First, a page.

As might be expected when there is $42.5 billion in grant funds available, we are probably not done with the rules for the BEAD grants. There are several areas where heavy lobbying is occurring to change some of the rules established by the NTIA in the NOFO for the grants.

One of the areas with the most lobbying is coming from WISPs that are complaining that the NTIA has exceeded its statutory authority by declaring a strong preference for fiber. The NTIA went so far as to declare that fixed wireless technology that doesn’t use licensed spectrum is not a reliable source of broadband and isn’t eligible for BEAD grants. The wireless industry says that the NTIA is out of bounds and not sticking to a mandate to be technology neutral.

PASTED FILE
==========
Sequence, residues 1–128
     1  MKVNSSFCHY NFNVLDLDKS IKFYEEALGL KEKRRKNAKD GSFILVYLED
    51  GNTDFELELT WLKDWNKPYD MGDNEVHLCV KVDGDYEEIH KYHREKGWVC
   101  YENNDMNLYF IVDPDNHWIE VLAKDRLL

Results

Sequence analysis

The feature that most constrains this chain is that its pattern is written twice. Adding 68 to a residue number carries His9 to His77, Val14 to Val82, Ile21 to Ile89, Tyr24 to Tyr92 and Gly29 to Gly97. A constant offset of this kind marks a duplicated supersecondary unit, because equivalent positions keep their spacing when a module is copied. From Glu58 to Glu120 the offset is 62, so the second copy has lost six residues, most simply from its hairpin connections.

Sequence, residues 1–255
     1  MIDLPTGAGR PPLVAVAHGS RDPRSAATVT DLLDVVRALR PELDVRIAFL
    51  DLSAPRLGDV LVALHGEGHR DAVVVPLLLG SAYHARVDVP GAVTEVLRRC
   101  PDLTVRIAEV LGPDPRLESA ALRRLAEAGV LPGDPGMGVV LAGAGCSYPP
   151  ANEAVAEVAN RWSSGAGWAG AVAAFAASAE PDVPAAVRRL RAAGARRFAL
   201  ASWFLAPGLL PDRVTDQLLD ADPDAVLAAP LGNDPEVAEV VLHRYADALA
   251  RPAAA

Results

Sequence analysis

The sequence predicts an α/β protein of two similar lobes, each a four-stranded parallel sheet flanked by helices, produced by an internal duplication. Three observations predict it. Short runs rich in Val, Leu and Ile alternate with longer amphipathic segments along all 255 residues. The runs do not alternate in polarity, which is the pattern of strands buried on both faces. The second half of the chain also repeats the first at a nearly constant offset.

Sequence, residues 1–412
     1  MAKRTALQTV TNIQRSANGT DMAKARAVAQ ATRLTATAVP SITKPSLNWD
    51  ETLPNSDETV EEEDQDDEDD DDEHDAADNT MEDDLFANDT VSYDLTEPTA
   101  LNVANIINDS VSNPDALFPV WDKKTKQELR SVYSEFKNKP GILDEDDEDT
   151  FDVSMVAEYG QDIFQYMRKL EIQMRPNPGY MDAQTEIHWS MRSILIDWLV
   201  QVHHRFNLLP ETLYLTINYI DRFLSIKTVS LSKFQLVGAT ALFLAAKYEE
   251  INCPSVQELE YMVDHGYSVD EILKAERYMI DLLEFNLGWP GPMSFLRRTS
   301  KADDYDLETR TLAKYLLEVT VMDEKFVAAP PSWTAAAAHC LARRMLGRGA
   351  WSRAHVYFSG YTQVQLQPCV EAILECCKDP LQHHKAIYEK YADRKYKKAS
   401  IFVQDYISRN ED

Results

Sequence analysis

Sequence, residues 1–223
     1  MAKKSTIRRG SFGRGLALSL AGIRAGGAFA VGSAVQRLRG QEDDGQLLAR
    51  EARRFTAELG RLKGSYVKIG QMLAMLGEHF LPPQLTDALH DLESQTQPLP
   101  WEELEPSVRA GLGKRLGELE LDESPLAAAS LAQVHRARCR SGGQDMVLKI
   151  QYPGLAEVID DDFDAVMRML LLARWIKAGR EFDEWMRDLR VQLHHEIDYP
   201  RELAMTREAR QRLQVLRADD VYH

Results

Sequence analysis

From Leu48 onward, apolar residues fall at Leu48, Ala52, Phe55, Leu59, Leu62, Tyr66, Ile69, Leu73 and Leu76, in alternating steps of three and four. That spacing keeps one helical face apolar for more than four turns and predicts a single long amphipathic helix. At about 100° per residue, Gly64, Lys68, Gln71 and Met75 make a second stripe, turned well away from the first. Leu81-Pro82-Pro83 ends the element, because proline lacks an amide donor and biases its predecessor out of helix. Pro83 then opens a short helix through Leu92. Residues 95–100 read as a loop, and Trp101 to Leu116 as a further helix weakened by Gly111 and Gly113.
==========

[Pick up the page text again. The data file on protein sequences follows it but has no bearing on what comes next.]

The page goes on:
I decided to go back to the Infrastructure Investment and Jobs legislation and compare it with the NOFO to see if that is true. Let’s start with the enabling language in the legislation. The IIJA legislation makes it clear that the NTIA must determine the technologies that are eligible for the BEAD grants. One of the criteria the NTIA is instructed to use is that grant-funded technologies must be deemed to be reliable. Reliable is defined in the Act using factors other than speed and specifically says that the term “reliable broadband service’ means broadband service that meets performance criteria for service availability, adaptability to changing end-user requirements, length of serviceable life, or other criteria, other than upload and download speeds.